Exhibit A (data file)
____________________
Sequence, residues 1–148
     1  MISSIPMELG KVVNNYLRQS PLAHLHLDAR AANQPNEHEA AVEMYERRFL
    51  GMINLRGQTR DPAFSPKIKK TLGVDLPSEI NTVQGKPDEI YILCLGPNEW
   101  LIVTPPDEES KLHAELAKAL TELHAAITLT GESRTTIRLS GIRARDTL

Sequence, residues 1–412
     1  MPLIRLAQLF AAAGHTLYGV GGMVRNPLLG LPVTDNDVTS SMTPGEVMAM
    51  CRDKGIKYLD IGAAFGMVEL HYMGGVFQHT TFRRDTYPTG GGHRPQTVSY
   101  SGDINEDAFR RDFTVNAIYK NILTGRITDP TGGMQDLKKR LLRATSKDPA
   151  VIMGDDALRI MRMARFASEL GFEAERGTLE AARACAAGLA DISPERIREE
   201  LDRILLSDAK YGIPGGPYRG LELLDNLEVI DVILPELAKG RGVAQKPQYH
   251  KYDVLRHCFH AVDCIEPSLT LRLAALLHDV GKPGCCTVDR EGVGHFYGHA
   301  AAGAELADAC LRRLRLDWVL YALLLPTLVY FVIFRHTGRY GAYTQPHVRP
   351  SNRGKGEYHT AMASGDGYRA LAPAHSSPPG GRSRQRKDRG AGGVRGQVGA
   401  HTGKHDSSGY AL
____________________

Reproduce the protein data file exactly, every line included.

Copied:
Sequence, residues 1–148
     1  MISSIPMELG KVVNNYLRQS PLAHLHLDAR AANQPNEHEA AVEMYERRFL
    51  GMINLRGQTR DPAFSPKIKK TLGVDLPSEI NTVQGKPDEI YILCLGPNEW
   101  LIVTPPDEES KLHAELAKAL TELHAAITLT GESRTTIRLS GIRARDTL

Sequence, residues 1–412
     1  MPLIRLAQLF AAAGHTLYGV GGMVRNPLLG LPVTDNDVTS SMTPGEVMAM
    51  CRDKGIKYLD IGAAFGMVEL HYMGGVFQHT TFRRDTYPTG GGHRPQTVSY
   101  SGDINEDAFR RDFTVNAIYK NILTGRITDP TGGMQDLKKR LLRATSKDPA
   151  VIMGDDALRI MRMARFASEL GFEAERGTLE AARACAAGLA DISPERIREE
   201  LDRILLSDAK YGIPGGPYRG LELLDNLEVI DVILPELAKG RGVAQKPQYH
   251  KYDVLRHCFH AVDCIEPSLT LRLAALLHDV GKPGCCTVDR EGVGHFYGHA
   301  AAGAELADAC LRRLRLDWVL YALLLPTLVY FVIFRHTGRY GAYTQPHVRP
   351  SNRGKGEYHT AMASGDGYRA LAPAHSSPPG GRSRQRKDRG AGGVRGQVGA
   401  HTGKHDSSGY AL